Henny: Solar farm bid 'a blot on the landscape'
PUBLISHED: 10:21 09 July 2013 | UPDATED: 15:26 09 July 2013
Opposition has been voiced against proposals to build a solar farm on land which could become part of an extended Area of Outstanding Natural Beauty.
Braintree District Council has received an application for the development of a 300kiloWatt solar farm at Great Henny, in the Stour Valley near Sudbury.
Permission is being sought for 1,200 solar panels on an acre of agricultural land together with the construction of a small substation and a two-metre tall perimeter fence.
But councillors from neighbouring parishes have opposed the development, saying it will be a “blot on the landscape” and that it will tarnish an area of cultural importance. They say there are plans for the area to form part of the Dedham Vale AONB, which are currently being scrutinised by Natural England.
At present, the designated area of the Dedham Vale AONB covers 90sq km and stretches upstream from Manningtree to within one mile of the village of Bures.
Any significant extension of the AONB to the west is likely to include part or all of Great Henny.
But, according to Robert Erith, chairman of the Dedham Vale AONB and Stour Valley Partnership, just how far the boundary might be extended westward is currently unclear.
He said: “As yet the boundaries of any extended AONB have not been confirmed. The work to extend the AONB is continuing – there needs to be an evaluation of the land by Natural England but we are told we are one of 15 extensions they are seriously considering.”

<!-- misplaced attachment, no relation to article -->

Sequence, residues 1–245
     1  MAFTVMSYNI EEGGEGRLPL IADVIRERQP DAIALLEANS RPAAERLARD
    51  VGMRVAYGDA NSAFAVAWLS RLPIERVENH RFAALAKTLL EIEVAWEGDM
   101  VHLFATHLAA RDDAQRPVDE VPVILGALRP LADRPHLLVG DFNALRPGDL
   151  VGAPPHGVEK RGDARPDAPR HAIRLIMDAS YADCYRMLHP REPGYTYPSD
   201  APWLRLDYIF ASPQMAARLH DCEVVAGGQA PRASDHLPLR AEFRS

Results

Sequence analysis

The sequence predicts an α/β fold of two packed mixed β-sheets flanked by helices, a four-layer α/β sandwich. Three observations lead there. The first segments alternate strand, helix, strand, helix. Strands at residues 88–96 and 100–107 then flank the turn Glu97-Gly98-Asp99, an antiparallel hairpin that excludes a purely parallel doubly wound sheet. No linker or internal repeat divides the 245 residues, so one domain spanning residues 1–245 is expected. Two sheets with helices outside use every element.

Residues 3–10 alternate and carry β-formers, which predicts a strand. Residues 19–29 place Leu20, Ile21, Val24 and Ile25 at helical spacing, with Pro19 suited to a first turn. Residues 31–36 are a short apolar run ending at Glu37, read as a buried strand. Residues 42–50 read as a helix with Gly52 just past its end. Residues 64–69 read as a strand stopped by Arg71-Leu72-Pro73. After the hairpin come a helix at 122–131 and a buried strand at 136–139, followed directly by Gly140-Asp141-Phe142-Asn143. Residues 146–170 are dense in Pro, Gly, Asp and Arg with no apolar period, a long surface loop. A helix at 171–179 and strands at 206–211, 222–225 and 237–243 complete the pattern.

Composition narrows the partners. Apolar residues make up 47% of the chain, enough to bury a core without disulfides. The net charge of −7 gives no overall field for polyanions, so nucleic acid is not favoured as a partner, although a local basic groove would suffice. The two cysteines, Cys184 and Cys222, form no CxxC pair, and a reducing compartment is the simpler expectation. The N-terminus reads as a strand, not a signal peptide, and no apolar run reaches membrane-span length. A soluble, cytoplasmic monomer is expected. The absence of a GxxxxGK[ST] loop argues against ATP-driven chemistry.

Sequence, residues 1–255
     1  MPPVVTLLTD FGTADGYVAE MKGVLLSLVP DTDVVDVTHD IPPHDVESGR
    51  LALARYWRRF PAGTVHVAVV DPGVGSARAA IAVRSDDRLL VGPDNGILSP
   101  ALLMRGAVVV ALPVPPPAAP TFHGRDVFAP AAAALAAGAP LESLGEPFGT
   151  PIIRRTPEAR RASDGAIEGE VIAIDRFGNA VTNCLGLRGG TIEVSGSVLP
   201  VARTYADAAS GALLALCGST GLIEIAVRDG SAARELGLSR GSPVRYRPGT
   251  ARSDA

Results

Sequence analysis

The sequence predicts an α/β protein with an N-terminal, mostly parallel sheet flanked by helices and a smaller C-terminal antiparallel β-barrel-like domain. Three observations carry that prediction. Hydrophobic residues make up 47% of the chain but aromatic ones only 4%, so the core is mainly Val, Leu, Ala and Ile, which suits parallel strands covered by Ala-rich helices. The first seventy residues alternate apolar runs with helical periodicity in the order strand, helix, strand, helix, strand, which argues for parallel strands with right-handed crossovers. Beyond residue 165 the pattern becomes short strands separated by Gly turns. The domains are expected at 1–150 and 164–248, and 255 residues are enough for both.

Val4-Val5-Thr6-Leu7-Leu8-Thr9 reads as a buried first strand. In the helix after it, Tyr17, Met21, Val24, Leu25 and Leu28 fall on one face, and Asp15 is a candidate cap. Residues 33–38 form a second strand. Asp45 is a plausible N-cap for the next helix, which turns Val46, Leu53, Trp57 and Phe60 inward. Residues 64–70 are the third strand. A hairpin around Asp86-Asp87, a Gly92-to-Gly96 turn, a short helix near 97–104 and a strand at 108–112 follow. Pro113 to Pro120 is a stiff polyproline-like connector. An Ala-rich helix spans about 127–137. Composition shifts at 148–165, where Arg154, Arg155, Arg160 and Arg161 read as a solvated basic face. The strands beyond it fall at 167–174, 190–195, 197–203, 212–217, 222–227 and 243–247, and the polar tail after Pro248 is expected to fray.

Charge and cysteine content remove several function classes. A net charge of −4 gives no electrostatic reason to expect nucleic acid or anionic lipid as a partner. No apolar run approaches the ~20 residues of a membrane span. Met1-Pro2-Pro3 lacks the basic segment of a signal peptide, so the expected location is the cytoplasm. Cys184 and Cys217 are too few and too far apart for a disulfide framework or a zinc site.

Mr Erith said that if the area around Great Henny was given AONB status, it would result in more people visiting the area and bring economic benefits to nearby B&Bs and other rural businesses.
Mr Erith added: “We are not opposed to all solar farms but there are some locations where they are not appropriate. If the solar farm is to be placed within or near the boundaries of the extended AONB, then we oppose them.”
Representatives of the applicant, EEC Power Systems, said they were unable to comment on the issue last night. However, the planning statement for the solar farm lists a number of factors that it is claimed will mitigate the impact of the development including hedgerows to hide the panels and the low-lying nature of the site.
But the majority of parish councillors remain unconvinced by the plans. Representatives from Great Henny, Middleton and Twinstead recently held a specially-arranged meeting to discuss the issue and voted six to one against the plans.
Parish councillor for Twinstead, David Holland, said: “We have opposed the application on planning grounds but the truth is there are some places, such as brownfield sites, where a solar farm would have little impact and places where it is plainly unsuitable.
“The landscape here is far more valuable left as it is in terms of the money it will generate for local tourism.
“If the AONB is to be extended, it is logical that this area will be included because of its cultural importance. It takes in views of Henny church, which were made famous by Gainsborough through his landscape paintings.
“The area is remarkable for its cultural significance and a solar farm there would literally be a blot on the landscape.”